Step 3 is determining which financial products, or combination or (combo of an annuity and other strategies) Bob and Jane could use to generate the income they need from their retirement nest egg to give them the most income and the most peace of mind. Keep in mind that in order to have a worry-free retirement that income has to be sustainable, predictable, tax-efficient, and perpetual. Bob and Jane chose to use $550,000 of their retirement savings to create an additional guaranteed income for life of $25,000. This will guarantee that all of their living expenses and travel/entertainment budget is covered regardless of what happens in the markets. They have an additional $200,000 of savings which they can use at their discretion for other things such as home repairs, vehicles, helping family, and leaving an inheritance. They also still have their home which is another retirement nest egg that can be liquidated in the future for other expenses in old age, like long-term care. 


3 options Bob & Jane considered for creating retirement income:

Option 1: The simplest retirement plan you can create with no investment decisions to make or worries about where your next dollar will come from is an immediate annuity, as described above. Basically, you are exchanging a lump sum of money for a guaranteed lifetime monthly income stream.

The pros:

You have no more investment decisions to make and longevity risks are totally eliminated as the income will be paid for as long as one spouse is alive.

Market volatility and watching your investment accounts fluctuate will no longer be relevant or of any concern. Peace of mind is very valuable. The annuity checks a lot of boxes in the list of creating retirement income -  it is sustainable, predictable, tax-efficient and it's perpetual. (Perpetual, in that the income continues for life)

The cons:

The annuity income isn't indexed to inflation, meaning it loses some of its buying power over time. Government pensions are indexed so that will soften some of this impact of increases in the cost of living. Your income needs may change over time and you may require more income, but, contrary to what most people believe, your spending will most likely decrease over the course of retirement, which creates an inflation buffer within your planning. Also, if you have other assets, they will also increase in value with inflation.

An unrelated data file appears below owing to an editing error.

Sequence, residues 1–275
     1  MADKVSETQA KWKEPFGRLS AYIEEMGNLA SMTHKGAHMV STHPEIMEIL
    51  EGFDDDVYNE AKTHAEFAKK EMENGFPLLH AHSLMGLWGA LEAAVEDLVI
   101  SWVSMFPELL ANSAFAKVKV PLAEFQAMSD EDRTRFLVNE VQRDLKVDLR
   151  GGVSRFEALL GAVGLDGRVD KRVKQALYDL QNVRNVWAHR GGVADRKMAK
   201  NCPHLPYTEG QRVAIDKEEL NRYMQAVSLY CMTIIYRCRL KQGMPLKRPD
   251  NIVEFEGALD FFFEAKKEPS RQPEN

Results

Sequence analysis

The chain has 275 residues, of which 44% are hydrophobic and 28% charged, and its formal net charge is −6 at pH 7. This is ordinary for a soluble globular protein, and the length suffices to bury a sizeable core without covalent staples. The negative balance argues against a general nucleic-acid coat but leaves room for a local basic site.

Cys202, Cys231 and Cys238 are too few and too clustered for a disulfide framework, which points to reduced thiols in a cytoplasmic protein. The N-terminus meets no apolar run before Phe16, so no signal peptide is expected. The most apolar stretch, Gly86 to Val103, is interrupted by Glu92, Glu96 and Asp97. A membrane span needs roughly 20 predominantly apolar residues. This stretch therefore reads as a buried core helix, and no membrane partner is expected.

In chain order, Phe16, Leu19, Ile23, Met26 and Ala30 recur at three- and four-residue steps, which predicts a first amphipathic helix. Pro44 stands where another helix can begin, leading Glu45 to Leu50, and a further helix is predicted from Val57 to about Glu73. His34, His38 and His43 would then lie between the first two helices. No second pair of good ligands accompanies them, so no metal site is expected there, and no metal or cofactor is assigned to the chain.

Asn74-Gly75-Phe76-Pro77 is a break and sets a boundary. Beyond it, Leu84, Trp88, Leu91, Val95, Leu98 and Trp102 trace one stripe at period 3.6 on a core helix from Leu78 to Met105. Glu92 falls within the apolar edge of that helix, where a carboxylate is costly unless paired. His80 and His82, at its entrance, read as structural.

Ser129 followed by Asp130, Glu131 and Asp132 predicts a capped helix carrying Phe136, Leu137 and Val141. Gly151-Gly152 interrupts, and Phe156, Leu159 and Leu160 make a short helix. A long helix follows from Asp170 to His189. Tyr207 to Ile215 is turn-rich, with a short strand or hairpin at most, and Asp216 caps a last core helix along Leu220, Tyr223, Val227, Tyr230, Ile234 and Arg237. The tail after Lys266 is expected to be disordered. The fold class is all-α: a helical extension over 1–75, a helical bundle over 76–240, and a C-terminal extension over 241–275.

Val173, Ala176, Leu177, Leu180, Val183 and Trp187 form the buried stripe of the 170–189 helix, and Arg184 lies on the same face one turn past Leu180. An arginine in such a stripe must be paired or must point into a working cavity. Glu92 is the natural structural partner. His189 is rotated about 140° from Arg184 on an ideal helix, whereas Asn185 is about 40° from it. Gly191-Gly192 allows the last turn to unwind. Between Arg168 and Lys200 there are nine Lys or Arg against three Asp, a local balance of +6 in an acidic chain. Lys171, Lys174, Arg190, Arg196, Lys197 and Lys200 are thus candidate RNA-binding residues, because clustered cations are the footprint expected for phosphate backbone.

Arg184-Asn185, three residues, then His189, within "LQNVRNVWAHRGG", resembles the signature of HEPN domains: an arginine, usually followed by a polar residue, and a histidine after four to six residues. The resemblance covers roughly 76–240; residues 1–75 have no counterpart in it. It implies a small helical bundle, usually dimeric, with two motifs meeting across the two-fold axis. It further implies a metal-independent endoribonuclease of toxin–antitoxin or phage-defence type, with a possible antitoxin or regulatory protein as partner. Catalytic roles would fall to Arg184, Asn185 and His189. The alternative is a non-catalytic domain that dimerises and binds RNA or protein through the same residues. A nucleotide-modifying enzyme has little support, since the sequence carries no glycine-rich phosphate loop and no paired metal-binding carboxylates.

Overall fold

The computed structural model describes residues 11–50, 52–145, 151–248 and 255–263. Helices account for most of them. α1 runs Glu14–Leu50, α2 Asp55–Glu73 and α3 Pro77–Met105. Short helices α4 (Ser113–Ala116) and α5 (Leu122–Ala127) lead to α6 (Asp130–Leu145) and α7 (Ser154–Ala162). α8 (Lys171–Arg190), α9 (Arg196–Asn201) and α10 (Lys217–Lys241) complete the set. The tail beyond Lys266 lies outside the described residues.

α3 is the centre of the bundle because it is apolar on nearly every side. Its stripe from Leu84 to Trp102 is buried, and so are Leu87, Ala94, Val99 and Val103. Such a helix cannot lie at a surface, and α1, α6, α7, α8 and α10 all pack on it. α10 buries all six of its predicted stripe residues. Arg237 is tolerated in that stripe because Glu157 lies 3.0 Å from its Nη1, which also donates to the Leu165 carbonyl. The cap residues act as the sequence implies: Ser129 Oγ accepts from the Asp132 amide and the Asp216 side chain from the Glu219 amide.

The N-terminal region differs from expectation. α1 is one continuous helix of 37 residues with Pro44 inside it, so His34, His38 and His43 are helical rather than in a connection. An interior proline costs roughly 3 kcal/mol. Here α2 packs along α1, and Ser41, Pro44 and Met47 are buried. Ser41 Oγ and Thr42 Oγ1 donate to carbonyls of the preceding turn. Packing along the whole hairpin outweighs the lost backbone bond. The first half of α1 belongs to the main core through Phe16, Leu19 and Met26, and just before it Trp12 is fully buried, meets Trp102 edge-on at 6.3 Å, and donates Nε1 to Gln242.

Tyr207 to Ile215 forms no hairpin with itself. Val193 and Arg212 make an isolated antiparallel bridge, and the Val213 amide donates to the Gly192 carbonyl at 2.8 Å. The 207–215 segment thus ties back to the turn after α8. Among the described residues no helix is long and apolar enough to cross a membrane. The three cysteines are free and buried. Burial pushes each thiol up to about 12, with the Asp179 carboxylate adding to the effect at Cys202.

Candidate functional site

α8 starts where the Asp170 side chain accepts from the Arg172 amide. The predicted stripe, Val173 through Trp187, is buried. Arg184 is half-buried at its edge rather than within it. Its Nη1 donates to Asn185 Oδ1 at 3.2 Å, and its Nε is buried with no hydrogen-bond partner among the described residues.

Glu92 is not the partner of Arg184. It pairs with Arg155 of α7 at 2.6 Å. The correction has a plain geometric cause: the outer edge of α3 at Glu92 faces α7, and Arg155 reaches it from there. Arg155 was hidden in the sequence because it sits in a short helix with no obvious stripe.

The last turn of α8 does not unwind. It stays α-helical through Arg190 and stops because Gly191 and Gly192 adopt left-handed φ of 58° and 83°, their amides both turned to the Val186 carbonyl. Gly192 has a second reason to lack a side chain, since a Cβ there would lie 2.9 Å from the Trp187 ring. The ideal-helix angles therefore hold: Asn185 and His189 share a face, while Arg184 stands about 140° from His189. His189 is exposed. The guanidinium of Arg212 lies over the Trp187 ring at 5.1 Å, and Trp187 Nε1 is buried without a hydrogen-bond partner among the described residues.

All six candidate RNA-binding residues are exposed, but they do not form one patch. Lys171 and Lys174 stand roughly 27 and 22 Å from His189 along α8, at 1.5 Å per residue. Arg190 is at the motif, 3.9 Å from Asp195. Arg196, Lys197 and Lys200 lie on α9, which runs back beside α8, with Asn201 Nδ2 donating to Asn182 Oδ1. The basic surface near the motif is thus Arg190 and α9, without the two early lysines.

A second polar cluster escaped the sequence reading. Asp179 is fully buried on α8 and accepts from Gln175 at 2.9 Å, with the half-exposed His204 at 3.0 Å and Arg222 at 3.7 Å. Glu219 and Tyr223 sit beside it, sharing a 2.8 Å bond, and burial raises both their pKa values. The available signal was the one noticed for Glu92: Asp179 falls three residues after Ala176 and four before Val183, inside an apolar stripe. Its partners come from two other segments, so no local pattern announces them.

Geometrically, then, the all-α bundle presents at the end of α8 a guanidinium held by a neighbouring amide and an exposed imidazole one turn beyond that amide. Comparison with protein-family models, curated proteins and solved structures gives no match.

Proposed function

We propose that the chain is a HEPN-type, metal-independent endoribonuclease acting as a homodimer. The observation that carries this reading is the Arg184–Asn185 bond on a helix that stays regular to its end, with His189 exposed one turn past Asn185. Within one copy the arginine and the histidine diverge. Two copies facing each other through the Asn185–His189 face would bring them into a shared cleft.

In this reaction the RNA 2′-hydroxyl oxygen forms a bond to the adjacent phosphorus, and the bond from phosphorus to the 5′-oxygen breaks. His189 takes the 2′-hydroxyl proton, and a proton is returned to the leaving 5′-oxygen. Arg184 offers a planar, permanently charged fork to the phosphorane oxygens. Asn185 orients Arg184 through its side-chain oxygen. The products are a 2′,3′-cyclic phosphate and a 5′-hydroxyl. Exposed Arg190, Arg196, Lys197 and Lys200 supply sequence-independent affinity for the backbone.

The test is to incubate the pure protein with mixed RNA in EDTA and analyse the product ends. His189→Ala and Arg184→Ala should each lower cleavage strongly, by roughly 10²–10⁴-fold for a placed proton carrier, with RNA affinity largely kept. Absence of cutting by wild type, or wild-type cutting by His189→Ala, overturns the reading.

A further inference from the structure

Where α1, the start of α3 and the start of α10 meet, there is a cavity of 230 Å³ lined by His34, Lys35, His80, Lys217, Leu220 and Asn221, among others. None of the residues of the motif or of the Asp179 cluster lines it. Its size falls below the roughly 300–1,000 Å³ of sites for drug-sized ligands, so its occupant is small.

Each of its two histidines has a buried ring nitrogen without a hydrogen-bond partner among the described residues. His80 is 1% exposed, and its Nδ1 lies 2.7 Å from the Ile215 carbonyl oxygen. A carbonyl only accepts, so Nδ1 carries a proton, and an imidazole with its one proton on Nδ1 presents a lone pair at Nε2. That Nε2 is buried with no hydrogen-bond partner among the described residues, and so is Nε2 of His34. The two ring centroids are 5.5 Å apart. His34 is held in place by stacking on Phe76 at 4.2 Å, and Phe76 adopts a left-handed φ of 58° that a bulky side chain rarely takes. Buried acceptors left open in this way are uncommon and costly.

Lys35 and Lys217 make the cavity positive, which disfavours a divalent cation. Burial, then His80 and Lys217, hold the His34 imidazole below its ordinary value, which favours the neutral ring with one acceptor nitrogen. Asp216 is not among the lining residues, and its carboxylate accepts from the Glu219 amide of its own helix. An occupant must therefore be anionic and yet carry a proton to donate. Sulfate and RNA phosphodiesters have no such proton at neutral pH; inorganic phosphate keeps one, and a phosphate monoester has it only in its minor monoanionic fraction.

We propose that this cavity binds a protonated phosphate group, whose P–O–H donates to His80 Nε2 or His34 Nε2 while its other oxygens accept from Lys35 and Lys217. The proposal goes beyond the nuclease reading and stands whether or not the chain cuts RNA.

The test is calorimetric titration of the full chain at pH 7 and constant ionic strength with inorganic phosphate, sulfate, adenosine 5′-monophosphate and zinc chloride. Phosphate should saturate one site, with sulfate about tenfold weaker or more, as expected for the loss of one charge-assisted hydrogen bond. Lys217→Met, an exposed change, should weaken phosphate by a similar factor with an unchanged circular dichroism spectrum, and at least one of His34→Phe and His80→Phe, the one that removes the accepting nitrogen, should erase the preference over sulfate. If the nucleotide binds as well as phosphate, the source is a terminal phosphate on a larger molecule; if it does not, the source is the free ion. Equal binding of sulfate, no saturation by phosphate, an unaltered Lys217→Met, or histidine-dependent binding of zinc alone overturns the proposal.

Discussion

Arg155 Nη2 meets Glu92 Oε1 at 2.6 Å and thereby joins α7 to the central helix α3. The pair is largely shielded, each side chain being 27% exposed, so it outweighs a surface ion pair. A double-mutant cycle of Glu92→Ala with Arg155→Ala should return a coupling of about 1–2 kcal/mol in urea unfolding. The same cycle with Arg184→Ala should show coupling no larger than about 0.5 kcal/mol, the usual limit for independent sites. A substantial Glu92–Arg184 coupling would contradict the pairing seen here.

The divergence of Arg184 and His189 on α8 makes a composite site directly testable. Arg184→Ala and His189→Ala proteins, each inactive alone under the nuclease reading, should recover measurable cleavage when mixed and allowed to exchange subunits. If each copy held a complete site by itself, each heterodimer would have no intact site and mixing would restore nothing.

If both spouses die prematurely, there is no estate value for your heirs. The probability of this happening is rather slim. There's a high probability with a 65-year-old couple that one of them will live into their 90's. The lack of estate value upon premature death is of greater concern for a single person but you can add a feature to the annuity to mitigate that. Keep in mind that the main purpose of retirement savings is to turn it into retirement income, not creating an inheritance. You cannot try to accomplish too many goals with one source of funds. Many retirees see their principal residence as the last asset to be liquidated and spent and therefore is the main source of inheritance for their children. 

Option 2: A Cashable annuity of $750,000 will give the same amount of guaranteed income. The difference between this type of annuity and a straight annuity as previously described is that you still have access to your money at any time, you can still be fully invested in the markets, and the balance of your investment account is distributed to your beneficiary upon your death. If you live a long life and the account balance goes to zero, your income stays at the same amount of guaranteed level until you die.  


Guaranteed income for life with estate value for your heirs if you should die before all the money is paid out to you as income. Also, you always have access to your money should you need it. This option provides predictable, sustainable, tax-efficient and perpetual life-long income and, unlike the straight annuity, it is flexible. It checks all the boxes.


You do have to make some investment decisions, and you'll need extra savings to generate the same income as the joint-life annuity. There will be slightly higher fees and more tax implications than with a straight annuity.

Option 3: Fully invest your retirement savings portfolio in the stock markets and take $25,000 each year, which is 5% of your balance. If your market returns are at least 5%, theoretically, you will never run out of money.


You have access to your money anytime so you can withdraw more or less in any given year as you have the need.  If markets perform strongly enough you could possibly have more of an estate to leave to your family. You can defer your income until a future date and continue to grow your money. With the right asset mix, you can have predictable, sustainable and tax-efficient income, however, one significant market downturn can set you back and take many years to recover from.